‘Legal principles anchor defence policy’ 

Source: ‘Legal principles anchor defence policy’ | The Herald

‘Legal principles anchor defence policy’
Defence and War Veterans Affairs Minister Oppah Muchinguri-Kashiri inspects a quarter guard at Josiah Magama Tongogara Barracks before her presentation to students at Zimbabwe Staff College yesterday. — Picture: John Manzongo

Farirai Machivenyika

Senior Reporter

ZIMBABWE upholds principles of peace and stability as enshrined in the United Nations (UN) and African Union (AU) charters with the country’s defence policy anchored on legal principles contained in domestic and international laws.

This was said by the Minister of Defence and War Veterans Affairs, Oppah Muchinguri-Kashiri when she addressed students attending the Joint Command and Staff Course Number 34 at the Zimbabwe Staff College at the Josiah Magama Tongogara Barracks.

Minister Muchinguri said that the country’s defence policy was non-aggressive in nature, but was aimed at defending the country’s sovereignty and territorial integrity, while promoting the maintenance of international peace and stability.

“Zimbabwe upholds the fundamental principles and norms of peace, stability and tranquility as enshrined in the UN and AU Charters.

“The country’s defence policy has therefore always adhered to the strictest confines of the legal principles, percepts and normative rules of our domestic legislation and international law,” Minister Muchinguri-Kashiri said.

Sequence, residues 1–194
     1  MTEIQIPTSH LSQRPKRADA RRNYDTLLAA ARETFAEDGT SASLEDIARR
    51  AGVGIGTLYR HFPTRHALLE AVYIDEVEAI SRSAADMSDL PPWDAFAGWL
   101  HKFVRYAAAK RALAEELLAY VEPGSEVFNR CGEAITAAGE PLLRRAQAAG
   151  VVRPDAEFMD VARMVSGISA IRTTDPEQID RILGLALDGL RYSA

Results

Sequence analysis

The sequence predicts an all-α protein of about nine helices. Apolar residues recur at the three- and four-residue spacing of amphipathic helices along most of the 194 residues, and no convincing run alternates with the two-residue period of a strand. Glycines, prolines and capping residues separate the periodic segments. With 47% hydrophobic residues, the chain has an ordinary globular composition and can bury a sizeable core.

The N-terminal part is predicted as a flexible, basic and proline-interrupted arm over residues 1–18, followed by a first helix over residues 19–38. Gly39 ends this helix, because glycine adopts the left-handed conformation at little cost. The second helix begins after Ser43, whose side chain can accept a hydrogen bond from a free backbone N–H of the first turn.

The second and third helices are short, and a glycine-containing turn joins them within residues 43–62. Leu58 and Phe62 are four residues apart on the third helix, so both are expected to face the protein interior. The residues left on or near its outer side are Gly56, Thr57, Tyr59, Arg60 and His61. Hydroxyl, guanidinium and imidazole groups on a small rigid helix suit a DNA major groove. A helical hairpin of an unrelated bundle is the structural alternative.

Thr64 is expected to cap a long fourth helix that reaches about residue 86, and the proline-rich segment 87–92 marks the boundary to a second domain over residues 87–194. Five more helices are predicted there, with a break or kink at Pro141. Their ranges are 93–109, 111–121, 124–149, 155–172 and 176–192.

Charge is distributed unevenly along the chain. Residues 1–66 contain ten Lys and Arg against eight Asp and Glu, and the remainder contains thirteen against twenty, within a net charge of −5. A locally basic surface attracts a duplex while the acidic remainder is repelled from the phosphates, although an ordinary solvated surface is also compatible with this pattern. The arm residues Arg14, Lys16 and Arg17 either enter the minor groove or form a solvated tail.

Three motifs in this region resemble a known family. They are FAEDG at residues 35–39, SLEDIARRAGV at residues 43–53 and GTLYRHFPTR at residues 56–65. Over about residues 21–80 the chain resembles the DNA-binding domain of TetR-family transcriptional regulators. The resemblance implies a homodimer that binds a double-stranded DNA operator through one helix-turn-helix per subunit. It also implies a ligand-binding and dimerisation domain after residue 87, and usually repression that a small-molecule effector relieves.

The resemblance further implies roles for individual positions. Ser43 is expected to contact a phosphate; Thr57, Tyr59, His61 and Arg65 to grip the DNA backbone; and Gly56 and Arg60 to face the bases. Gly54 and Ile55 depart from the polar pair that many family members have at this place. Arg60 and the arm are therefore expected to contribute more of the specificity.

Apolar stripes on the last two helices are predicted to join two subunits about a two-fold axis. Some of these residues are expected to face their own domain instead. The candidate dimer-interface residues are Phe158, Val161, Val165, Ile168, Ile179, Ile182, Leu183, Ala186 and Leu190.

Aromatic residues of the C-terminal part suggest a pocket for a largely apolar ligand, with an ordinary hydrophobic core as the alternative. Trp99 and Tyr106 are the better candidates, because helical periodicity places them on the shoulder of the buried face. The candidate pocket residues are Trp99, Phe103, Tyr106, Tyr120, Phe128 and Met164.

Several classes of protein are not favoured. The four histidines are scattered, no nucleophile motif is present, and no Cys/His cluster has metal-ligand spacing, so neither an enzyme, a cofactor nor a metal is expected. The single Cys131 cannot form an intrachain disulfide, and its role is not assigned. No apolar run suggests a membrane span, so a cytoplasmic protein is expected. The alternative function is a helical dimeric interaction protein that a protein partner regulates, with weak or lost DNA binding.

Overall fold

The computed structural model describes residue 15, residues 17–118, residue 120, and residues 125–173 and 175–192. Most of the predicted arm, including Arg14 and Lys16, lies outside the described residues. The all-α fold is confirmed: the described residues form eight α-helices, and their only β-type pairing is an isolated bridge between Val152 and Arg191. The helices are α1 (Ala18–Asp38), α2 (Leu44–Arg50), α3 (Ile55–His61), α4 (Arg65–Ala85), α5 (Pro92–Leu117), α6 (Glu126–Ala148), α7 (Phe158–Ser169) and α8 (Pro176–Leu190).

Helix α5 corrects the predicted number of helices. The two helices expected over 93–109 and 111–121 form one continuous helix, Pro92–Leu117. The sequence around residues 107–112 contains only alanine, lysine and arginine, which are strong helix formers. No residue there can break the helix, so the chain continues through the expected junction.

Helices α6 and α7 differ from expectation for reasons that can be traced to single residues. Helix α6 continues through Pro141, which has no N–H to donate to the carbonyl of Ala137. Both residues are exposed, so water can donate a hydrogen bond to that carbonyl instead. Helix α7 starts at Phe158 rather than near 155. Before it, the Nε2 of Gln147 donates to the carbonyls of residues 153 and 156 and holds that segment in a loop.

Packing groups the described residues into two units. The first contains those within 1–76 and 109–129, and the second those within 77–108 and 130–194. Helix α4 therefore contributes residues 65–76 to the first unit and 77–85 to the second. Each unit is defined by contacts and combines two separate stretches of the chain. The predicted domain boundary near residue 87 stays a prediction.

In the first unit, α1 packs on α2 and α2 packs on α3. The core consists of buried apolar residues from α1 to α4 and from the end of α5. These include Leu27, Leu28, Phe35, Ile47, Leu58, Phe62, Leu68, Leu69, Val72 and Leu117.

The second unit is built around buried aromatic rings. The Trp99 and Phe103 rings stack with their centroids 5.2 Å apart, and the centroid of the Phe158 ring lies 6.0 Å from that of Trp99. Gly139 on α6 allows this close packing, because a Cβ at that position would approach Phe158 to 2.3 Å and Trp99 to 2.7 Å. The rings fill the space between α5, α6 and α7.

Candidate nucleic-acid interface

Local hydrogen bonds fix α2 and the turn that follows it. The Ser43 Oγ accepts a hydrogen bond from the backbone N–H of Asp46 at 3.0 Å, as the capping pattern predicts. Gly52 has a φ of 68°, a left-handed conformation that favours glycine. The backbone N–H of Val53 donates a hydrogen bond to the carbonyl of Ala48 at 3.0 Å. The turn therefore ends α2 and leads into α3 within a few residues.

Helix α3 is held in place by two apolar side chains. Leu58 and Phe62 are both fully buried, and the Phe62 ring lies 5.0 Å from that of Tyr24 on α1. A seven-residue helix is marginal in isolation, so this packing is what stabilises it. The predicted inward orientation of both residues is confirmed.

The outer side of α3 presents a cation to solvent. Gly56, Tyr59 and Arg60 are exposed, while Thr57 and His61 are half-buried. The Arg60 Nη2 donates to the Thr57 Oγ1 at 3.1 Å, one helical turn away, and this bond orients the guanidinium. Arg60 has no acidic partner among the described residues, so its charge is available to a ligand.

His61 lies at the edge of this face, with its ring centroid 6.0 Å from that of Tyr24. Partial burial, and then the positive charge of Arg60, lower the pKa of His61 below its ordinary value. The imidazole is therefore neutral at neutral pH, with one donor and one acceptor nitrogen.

The minister added that Zimbabwe respects the principle of non-interference in security crisis of other countries, but prioritised preventive diplomacy.

Minister Muchinguri-Kashiri said Zimbabwe had only gone to war as a last resort since the country attained independence in 1980.

She said the internal security situation had been characterised by contestation between Zanu PF and the foreign-backed MDC that has been driving the regime change agenda since its inception in 1999.

“The tension was largely fueled by the Government’s pro-majority policies such as the land reform programme, through which Government compulsorily acquired land from the minority white former farmers and redistributed to the black majority.

“This tension led to the disengagement of mostly countries in the EU in protest of the dispossession of land from their kith and kin. Since then relations got worse until recently when the Government of the Second Republic came into office,” she said.

The minister said President Mnangagwa had led a re-engagement drive that was starting to bear fruit as seen in improving political and economic relations.

“These efforts that are being undertaken under the popular ‘Zimbabwe is open for business mantra’, are also aimed at revitalising the investment climate in the country and attract the much needed foreign direct investment,” Minister Muchinguri-Kashiri said.

COMMENTS

WORDPRESS: 1
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    harper 4 weeks ago

    They are all bursting out of their uniforms! Hardly what you expect from real soldiers.